Courtesy of Lee Adler of the Wall Street Examiner
Barry Ritholtz called attention this morning to a Monetary Policy Transmission flow chart by Bloomberg’s Joe Bruesuelas this morning that purports to show the reason behind “ZIRP’s more modest impact on the broader economy than the outsized impact we see on risk assets.” I don’t mean to single out Mr. Brusuelas here. He’s a great guy, and from the things I’ve seen of him, he’s usually right on target with his economic analyses. But like all other economists who are puzzled by the reason the Fed’s policies have not had much apparent impact on the economy as they have had on the markets, he misses the most important and critical access of the route through which Fed policy reaches the economy. Here’s his flow chart.
What this chart illustrates is not so much the blockages to monetary policy transmission as the failure of mainstream economists and pundits to grasp the simplest and most important fact of how monetary policy is transmitted.
Fed Monetary policy actions are transmitted to the economy via the trading accounts of the Primary Dealers and the markets. That’s how money begins its path to reaching bank reserves and economic activity. The dealers are the transmission mechanism. The markets are the transmission mechanism from the dealers to the economy. The Primary Dealers get the cash first. They are the only deciders of how to distribute it. The only exception to this rule is when the Fed uses unconventional policy actions to lend directly to the end users, as it did with its alphabet soup programs beginning with the TAF in 2007 and 2008.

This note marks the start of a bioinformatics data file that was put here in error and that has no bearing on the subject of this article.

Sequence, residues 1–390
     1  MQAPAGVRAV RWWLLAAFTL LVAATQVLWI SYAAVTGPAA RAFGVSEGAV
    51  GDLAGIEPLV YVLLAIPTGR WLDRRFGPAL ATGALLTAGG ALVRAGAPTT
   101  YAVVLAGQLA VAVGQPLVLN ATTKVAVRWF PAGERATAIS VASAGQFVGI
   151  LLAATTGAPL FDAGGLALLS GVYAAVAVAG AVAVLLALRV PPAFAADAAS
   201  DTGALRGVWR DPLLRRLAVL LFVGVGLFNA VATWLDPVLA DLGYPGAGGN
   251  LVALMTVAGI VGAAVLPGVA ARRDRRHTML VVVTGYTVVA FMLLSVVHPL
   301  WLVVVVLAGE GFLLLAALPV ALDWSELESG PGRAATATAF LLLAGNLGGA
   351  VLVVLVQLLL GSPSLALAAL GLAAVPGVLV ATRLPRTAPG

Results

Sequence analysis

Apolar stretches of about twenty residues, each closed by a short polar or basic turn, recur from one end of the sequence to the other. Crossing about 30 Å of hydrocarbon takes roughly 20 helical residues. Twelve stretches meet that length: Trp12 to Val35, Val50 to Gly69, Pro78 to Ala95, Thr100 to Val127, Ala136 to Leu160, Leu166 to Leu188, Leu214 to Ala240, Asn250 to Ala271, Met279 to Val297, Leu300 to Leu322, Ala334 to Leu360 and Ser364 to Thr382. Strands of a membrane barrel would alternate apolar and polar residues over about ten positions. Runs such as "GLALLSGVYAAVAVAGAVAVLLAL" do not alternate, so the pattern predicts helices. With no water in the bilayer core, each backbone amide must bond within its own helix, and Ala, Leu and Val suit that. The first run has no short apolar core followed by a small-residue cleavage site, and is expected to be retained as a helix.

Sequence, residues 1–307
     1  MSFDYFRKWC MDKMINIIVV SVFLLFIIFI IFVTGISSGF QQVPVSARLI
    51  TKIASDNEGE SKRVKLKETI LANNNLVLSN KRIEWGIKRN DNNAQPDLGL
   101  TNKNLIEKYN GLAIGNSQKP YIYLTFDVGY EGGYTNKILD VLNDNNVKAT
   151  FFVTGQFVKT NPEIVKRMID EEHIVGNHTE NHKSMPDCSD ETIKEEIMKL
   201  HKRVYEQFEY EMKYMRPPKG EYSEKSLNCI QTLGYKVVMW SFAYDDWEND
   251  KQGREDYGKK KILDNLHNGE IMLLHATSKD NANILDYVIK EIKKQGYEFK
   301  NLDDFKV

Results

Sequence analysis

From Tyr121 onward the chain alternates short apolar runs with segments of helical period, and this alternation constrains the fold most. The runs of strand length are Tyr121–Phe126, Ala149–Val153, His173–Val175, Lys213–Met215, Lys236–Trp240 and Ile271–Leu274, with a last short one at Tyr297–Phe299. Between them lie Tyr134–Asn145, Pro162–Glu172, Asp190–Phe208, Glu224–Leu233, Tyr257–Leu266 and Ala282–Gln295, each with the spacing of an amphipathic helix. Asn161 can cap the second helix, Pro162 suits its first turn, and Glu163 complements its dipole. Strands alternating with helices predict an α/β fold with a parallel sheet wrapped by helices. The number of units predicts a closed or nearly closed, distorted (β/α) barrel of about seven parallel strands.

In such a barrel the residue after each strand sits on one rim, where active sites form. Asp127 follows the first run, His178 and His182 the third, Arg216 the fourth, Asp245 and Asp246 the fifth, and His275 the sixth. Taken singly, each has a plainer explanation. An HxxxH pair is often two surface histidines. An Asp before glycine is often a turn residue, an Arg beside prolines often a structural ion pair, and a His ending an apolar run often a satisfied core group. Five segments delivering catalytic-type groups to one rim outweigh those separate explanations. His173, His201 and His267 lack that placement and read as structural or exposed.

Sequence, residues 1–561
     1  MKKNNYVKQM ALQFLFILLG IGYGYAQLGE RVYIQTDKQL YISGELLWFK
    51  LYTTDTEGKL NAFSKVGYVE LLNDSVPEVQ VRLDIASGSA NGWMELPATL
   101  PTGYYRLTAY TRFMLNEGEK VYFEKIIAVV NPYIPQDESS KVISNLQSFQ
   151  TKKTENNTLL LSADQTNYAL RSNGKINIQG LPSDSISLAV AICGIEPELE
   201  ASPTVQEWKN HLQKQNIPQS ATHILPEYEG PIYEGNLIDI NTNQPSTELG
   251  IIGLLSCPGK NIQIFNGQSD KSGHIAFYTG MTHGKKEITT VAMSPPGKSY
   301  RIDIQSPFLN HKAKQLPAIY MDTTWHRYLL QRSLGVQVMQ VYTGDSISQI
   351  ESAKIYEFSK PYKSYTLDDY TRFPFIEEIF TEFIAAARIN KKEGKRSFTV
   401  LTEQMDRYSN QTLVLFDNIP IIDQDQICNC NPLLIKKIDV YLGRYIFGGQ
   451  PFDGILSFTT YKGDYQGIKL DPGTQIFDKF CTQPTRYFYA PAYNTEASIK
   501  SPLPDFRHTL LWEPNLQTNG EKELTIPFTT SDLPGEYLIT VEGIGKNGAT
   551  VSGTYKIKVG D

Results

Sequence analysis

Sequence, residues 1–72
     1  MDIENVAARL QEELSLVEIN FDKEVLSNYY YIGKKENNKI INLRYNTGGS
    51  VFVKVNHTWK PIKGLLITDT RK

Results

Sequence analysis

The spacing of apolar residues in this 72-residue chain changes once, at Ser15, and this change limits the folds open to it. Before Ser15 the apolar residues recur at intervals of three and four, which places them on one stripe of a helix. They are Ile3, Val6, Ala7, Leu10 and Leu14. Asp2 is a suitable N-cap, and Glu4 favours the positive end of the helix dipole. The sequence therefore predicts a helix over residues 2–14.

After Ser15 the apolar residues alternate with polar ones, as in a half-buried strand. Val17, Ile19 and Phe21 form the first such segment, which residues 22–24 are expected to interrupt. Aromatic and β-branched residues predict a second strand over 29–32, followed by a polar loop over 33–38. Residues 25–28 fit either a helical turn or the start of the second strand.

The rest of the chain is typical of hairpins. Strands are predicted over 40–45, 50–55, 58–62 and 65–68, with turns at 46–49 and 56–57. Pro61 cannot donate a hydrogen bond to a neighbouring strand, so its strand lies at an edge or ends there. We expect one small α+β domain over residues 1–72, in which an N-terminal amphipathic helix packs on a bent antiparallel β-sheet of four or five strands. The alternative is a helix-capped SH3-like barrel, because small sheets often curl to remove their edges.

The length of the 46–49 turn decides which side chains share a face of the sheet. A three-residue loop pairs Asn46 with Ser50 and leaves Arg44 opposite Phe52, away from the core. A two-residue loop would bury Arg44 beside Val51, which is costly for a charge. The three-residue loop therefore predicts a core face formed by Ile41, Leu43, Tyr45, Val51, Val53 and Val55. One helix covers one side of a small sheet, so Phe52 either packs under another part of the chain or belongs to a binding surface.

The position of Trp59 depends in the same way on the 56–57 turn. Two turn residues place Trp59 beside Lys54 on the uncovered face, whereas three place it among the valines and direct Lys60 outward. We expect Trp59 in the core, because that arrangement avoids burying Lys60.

We saw how well that went when the Fed deliberately circumvented the usual Primary Dealer transmission pipeline. Things only turned up when the Fed began QE, a large scale program to pump reserves into the system via the traditional means- purchases of securities from the Primary Dealers.
When the Fed purchases Treasuries or MBS from the Primary Dealers, it credits the dealers’ accounts at the Fed for the purchase. Therefore, the first response to any Fed direct policy action is the decisions the dealers make about what to do with the cash via the markets. The cash comes in through their trading accounts and it leaves the same way. It’s their money. They can use it to buy Treasuries, and they do. They can use it to buy other bonds, and they do that sometimes.
They also make markets in everything else. They are the worldwide big dogs in every kind of market. They are the house. They can buy stocks; they can buy commodities; and they do, and they can finance their hedge fund customers, and they do that. Everything that happens in terms of monetary policy transmission is a derivative of those first trades the dealers make once the Fed has made the purchases from them. The Primary Dealers are the the first pipe through which all conventional monetary actions flow. That is why the markets respond first and foremost. The explanation is that simple. The money enters the economy via the financial markets. There’s no other reason for it.
This chart leaves that most fundamental fact out. It should be THE first and most important pipe in any flow chart showing how monetary actions flow into the economy. Leaving that out means that there’s no possibility of understanding why the system works the way it does.
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